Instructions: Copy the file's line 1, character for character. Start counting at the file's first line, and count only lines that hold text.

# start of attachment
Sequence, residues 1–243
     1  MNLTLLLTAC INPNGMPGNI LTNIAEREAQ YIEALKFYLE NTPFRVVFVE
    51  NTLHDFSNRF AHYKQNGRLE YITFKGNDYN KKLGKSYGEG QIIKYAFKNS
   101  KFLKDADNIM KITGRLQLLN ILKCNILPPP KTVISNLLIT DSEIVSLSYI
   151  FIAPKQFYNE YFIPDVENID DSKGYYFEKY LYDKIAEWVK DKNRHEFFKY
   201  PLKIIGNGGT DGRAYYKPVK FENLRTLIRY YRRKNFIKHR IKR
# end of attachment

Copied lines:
Sequence, residues 1–243